ANNUAL REPORT


Emerging markets didn’t start this fire, but they may be the best hope for putting it out.

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The global financial crisis was clearly stamped “Made in USA,” but the outlook for growth in emerging economies is being rapidly scaled back, proving that globalization is for real. We are all in this together. What started as a US housing market problem has morphed into a worldwide economic slowdown and could be turning into something worse. The crisis is still in the early stages in many developing nations.

Like a summer storm, the blue skies over the EM world turned suddenly dark in July. Then the heavens opened up, and global investors ran for cover. While many EM economies have seen this all before, they are better prepared than ever before to weather the deluge. They also have lessons to teach the developed economies about making it through the tough times, as is evident from the following series of reports covering the major developing regions of the world.

In Latin America, Brazil has fashioned a link between free-market policies and social spending that has helped to reduce poverty and chronic malnutrition among children—and established the country as a model for sustainable development. Meanwhile, the country has amassed more than $200 billion in foreign reserves and is looking to develop new offshore oil finds.

In Asia, the 1997-1998 financial crisis spawned needed economic reforms, leaving many economies in a stronger condition than previously. China’s boom has placed it in a position to cushion the downturn that many of its trading partners are suffering.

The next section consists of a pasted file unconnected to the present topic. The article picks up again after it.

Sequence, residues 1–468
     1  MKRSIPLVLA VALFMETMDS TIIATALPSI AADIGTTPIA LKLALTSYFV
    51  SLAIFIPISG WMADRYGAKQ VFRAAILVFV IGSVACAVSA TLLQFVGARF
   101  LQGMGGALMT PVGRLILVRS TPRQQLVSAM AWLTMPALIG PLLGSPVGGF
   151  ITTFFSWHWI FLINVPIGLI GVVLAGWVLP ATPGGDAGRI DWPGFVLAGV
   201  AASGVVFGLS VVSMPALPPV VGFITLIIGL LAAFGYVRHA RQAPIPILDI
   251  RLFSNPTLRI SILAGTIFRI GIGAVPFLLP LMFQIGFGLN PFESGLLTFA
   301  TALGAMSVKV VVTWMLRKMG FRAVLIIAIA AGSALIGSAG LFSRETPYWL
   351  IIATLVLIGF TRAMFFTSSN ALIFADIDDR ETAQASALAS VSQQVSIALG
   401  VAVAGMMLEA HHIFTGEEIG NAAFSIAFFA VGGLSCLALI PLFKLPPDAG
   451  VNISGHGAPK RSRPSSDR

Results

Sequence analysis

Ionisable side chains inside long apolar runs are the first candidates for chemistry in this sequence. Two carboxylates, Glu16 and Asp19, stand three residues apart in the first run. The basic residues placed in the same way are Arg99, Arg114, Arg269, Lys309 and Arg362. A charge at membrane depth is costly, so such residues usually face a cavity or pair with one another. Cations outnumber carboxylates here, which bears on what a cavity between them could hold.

In the Middle East, major oil exporters are sitting on substantial current account surpluses. Sovereign wealth funds will provide an additional liquidity buffer, even if oil prices fall further. The region’s leaders have focused on diversifying their countries’ economies in recent years, and as oil prices plummet, their foresight may well pay off earlier than they anticipated.

The biggest economic problems in the EM world seem to be in Central and Eastern Europe, where high foreign debt levels have left a number of countries extremely vulnerable. But even here, there are some bright spots, such as the Czech Republic and Poland, which continue to do well.

Africa also has been hit hard by the global economic slowdown due to its heavy reliance on exports of primary goods. Despite persistent infrastructure problems and weak intra-regional trade, many countries in Southern Africa are beginning to diversify their economies.

Emerging markets have offered immense opportunities in the past, and it is clear that they will continue to drive much of the world’s growth in the future. Getting from here to there, however, will likely be on a bumpy road.

Gordon Platt